The goal of our Society for Conservation Biology (SCB) Europe Section Blog is to share stories and relevant information about activities going on within our section and more broadly in the conservation community. Stories and articles shared on our blog should not be taken as an official position or statement of SCB or SCB Europe Section. Thank you for reading!

Tuesday, 14 November 2017

Reality check – reality shock: The Policy Committee holds its annual meeting in hard-fought Białowieża (Part I)

Post by Stefan Kreft, SCB Europe Section Policy Committee Chair 

*1 of 2 blog entries on Bialowieza Forest 

Some things you have to see with your own eyes to believe. We thought we went prepared, but what we saw in Białowieża Forest was worse, much worse than we could have imagined. What we witnessed can only be called deliberate destruction.

As part of SCB’s Global Forest Initiative, the Europe Section has stood up for conservation of Białowieża Forest through many years of its complex history. Scientists work with evidence, and the Policy Committee subscribes to this principle. As credible information, let alone solid data, are hard to get these days when it comes to Białowieża, we decided to hold our annual meeting right (7-8 Oct) in the middle of the mayhem and find out by ourselves.

If you want to see primeval lowland forest in Europe, you will go to Białowieża National Park in Poland. Actually, there is nowhere else to go anymore, anywhere Europe. This national park, of 10,500 hectares, is embedded in the Białowieża Forest. This forest region covers 150,000 hectares and stretches to both sides of the Polish-Belarusian border. Its ‘skeleton’ are sizeable tracts of old growth characterized by trees of 150 years age or more. These tracts have an eminent conservation value in themselves, and they are also essential for the national park, the primeval ‘heart’ of the forest. The Białowieża Forest nomination as a transboundary UNESCO World Heritage site was extended to almost the entire forest in 2014.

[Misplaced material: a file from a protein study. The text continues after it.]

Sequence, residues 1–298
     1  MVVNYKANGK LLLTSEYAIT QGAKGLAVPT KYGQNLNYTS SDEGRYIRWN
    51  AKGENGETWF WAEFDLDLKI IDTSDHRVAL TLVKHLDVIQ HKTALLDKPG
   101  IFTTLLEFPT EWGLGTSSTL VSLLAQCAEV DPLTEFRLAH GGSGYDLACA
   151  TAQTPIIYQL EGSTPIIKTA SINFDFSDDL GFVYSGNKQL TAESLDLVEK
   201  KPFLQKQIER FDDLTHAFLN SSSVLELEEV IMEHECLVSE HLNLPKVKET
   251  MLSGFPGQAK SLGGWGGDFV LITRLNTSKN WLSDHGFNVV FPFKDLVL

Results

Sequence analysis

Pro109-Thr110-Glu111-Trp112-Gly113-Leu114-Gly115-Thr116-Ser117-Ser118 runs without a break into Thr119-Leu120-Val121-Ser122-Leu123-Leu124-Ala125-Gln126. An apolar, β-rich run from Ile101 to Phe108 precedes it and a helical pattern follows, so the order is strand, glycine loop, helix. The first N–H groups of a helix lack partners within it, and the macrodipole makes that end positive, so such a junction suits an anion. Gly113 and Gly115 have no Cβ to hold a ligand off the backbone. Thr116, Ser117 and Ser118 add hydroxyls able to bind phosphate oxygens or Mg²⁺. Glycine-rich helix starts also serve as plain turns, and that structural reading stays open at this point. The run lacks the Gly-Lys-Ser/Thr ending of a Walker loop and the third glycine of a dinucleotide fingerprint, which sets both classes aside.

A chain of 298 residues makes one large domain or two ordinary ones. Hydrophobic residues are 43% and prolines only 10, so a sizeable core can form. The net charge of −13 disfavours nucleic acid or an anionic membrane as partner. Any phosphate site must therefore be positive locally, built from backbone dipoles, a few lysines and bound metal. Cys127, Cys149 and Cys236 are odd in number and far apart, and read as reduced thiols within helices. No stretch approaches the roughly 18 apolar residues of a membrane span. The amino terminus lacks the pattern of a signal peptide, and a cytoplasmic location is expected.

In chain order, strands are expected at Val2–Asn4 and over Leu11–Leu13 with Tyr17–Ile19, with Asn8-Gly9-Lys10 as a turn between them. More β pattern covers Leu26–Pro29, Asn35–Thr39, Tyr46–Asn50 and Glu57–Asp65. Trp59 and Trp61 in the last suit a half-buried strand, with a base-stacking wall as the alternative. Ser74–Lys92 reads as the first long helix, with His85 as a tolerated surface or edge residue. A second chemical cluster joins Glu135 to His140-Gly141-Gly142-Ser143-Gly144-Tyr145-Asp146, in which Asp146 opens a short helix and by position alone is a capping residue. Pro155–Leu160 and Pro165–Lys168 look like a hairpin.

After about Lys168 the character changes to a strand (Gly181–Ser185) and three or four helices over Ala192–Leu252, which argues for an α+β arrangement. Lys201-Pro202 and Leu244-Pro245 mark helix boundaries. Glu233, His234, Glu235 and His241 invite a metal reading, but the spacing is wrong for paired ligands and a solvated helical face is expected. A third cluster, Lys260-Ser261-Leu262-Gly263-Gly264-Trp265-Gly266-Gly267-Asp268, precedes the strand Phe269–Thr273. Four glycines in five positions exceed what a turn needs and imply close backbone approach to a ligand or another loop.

Forest loss 2000-2016 due to a combination of natural disturbances and clear-cutting in Białowieża Forest. Colour scale ranges from yellow (2000) to red (2016). The white circle indicates the approximate location of the logging sites we visited
(Hansen et al. 2013, in Google Earth Engine 2017).

In 2012, after years of advocating for appropriate conservation of the old growth surrounding it by a broad range of civil society actors, including SCB-Europe Section, the former Polish government finally issued a Natura 2000 management plan. This management plan did allow for continued use, but limited annual wood harvest volume. The government currently in charge has annihilated this cap and ordered extensive cuttings. The Minister for Environment Jan Szyszko claims that bark beetle colonization (‘outbreaks’) of local spruce stands must be fought back by ‘salvage loggings’ (see map above).
Forest ecologists counter that colonized spruces have mainly been planted and are now being reduced to more natural densities. Ecologists further protest exceedingly large-scale logging operations, bark beetles being nothing but an excuse for fighting back Polish, EU and UN conservation proponents. The issue has been taken to the EU Court of Justice by the Commission and is currently being dealt with.

We invite you to join us for a walk through Białowieża Forest and judge yourself. There are a many harvesters active at different places concurrently all over the forest, and we picked two logging sites in walking distance north of our home base in Teremiski, a village near the town of Białowieża.

We pass by towering stacks of logs.

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Upon arrival, a 360 degree view provides an overview of the scenery.

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Our long-standing PC member Nuria Selva explains to us that we are standing in a “Partial Protection Zone” of the world heritage site, prescribing non-intervention management. The reality, though, is different.

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Looking up, we see that the closed canopy has given way to large holes. We discuss the impacts and risks of large clear-cuts to the resilience of the forest against extreme events such as storms (Zdenka Krenova)…

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… and droughts (Stefan Kreft).

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Stay tuned for part 2 of this series on 16 November where we will scrutinize the harvesting sites in more into detail.


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